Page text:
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Safety & Security

August 5, 2022

Have you ever taken a tally of every account you’re signed up with? According to a 2021 study done by NordPass, the average person has about 100 passwords and associated accounts (i.e., credentials). Whether or not these accounts are active, we all run the risk of having this information exposed and misused. Given this shocking average, we can take easy steps to ensure our information is protected in cyberspace. While use of multi-factor authentication (MFA) can mitigate the threat of credential misuse by requiring at least two pieces of evidence (e.g., password and code sent to mobile phone) to confirm a user’s identity, not all organizations or users have adopted this preferred method of authentication. When MFA is not yet available, the simplest action we can take is to make informed choices when creating passwords, including what mode of protection we apply to them. Because there’s no rest for the wicked, cybercriminals are constantly finding new ways to circumvent what were previously thought to be secure online environments.

Why You Should Be Using a Password Manager

A secure way to store your passwords is to use an electronic password manager that allows the use of multi-factor-authentication. Not only can a password manager generate strong passwords, but it can also hide them from view. Many password managers will only allow you to view your passwords via multi-factor authentication. The password manager also generates completely unique and long passwords without you having to come up with one on your own, and it stores each unique password for future use. Computers are much better at randomizing characters than humans, so you can rest easy knowing you aren’t inadvertently re-using character patterns – which is a big password nono. Those previously mentioned 100 passwords likely won’t be learned by heart, and that’s okay, as your password manager has your back! Below are forms of multi-factor-authentication that can be utilized with a password manager to add that extra layer of protection:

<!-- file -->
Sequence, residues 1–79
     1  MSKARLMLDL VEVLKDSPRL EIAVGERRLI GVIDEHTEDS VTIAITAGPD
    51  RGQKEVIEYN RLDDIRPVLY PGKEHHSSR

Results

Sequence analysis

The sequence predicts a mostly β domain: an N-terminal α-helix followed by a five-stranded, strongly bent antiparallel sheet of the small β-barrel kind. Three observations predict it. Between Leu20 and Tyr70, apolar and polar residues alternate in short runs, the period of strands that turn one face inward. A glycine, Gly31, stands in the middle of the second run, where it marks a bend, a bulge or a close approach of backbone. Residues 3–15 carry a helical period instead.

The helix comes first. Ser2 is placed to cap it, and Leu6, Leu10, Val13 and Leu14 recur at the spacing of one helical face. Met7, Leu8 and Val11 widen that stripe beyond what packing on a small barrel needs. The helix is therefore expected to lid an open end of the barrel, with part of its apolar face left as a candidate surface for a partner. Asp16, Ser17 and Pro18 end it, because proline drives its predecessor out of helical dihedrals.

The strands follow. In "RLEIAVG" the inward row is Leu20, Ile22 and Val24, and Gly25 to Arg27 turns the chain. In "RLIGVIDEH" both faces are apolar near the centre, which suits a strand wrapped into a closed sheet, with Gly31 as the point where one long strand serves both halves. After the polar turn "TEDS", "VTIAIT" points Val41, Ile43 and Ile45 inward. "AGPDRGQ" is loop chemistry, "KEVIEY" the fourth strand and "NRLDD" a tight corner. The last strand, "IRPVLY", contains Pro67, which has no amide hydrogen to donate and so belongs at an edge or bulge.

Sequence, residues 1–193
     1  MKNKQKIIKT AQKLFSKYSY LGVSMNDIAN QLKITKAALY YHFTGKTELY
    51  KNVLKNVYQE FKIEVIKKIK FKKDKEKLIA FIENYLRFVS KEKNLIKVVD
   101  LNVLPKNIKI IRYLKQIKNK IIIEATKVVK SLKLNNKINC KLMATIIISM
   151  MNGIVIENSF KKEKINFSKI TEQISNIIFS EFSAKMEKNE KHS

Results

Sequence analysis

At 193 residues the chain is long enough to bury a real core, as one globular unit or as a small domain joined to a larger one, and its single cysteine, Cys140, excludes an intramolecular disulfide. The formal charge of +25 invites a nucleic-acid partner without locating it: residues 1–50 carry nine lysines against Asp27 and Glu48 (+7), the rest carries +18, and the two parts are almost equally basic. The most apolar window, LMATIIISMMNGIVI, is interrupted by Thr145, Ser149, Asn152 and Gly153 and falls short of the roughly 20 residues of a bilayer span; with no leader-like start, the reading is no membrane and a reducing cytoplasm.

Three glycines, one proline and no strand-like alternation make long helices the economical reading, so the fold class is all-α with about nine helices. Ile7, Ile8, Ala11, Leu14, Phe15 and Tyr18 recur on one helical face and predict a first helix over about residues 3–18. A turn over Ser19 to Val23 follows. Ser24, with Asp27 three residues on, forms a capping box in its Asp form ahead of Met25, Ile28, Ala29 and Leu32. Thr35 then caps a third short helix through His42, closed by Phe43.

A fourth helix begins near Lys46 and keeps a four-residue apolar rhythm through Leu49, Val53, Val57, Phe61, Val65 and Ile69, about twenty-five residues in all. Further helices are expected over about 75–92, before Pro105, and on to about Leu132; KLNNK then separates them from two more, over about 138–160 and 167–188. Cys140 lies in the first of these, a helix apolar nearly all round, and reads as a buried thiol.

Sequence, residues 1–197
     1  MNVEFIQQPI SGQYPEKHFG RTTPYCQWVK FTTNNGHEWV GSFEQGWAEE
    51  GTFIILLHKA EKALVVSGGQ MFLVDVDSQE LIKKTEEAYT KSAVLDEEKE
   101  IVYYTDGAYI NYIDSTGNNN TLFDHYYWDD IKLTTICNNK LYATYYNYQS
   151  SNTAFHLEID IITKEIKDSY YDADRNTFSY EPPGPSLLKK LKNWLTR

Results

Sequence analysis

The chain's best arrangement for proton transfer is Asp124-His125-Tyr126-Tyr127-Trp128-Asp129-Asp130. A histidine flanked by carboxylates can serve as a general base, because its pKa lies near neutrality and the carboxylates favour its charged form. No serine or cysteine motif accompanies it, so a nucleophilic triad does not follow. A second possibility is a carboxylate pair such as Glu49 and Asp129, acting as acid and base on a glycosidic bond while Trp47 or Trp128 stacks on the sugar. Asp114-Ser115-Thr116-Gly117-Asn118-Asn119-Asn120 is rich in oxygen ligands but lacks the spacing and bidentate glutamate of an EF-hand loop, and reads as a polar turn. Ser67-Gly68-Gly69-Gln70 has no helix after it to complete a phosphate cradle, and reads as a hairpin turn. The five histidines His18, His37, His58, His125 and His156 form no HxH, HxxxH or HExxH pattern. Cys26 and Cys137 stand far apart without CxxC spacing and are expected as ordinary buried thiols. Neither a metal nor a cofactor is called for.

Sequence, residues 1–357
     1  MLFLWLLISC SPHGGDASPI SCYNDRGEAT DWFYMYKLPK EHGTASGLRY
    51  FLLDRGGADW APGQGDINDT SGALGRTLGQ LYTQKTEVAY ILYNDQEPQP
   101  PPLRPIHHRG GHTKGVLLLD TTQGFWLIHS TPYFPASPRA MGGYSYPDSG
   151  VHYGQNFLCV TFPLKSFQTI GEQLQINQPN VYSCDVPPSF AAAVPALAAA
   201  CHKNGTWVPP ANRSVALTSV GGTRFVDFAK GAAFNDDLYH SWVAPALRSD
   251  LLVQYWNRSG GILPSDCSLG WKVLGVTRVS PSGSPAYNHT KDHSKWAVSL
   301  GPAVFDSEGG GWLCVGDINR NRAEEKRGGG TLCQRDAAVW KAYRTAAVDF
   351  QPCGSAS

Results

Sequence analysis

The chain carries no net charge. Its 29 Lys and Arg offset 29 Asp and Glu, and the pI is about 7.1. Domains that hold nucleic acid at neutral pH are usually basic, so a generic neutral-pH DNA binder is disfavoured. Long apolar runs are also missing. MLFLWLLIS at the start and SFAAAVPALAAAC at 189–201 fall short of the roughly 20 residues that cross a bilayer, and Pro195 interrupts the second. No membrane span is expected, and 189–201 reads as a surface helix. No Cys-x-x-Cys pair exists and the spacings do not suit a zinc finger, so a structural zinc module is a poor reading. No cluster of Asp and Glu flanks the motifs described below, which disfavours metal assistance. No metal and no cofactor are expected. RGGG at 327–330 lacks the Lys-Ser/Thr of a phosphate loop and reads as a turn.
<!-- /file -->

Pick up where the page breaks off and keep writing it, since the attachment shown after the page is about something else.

• Voice call: Exactly what it sounds like – you can opt in to receive verification calls from many password managers to confirm your identity.
  • Biometrics: This is a technology that uses fingerprint or facial recognition software.
  • Push: You can download corresponding apps on your phone or laptop that will trigger a notification to click on and verify identity.
  • Hardware token: This is a small device that is either connected to or separate from your password manager. It generates a randomized code.
  • Email: You receive an email as a form of identity confirmation.
  • SMS: Similar to a push notification, you receive a text message to verify identity.

We all have a lot to worry about these days, but taking a small amount of time to research and activate a password manager can help us avoid at least one type of online vulnerability. You don’t have to do much to become cyber-savvy either, as having and using the right tools is sometimes all you need.

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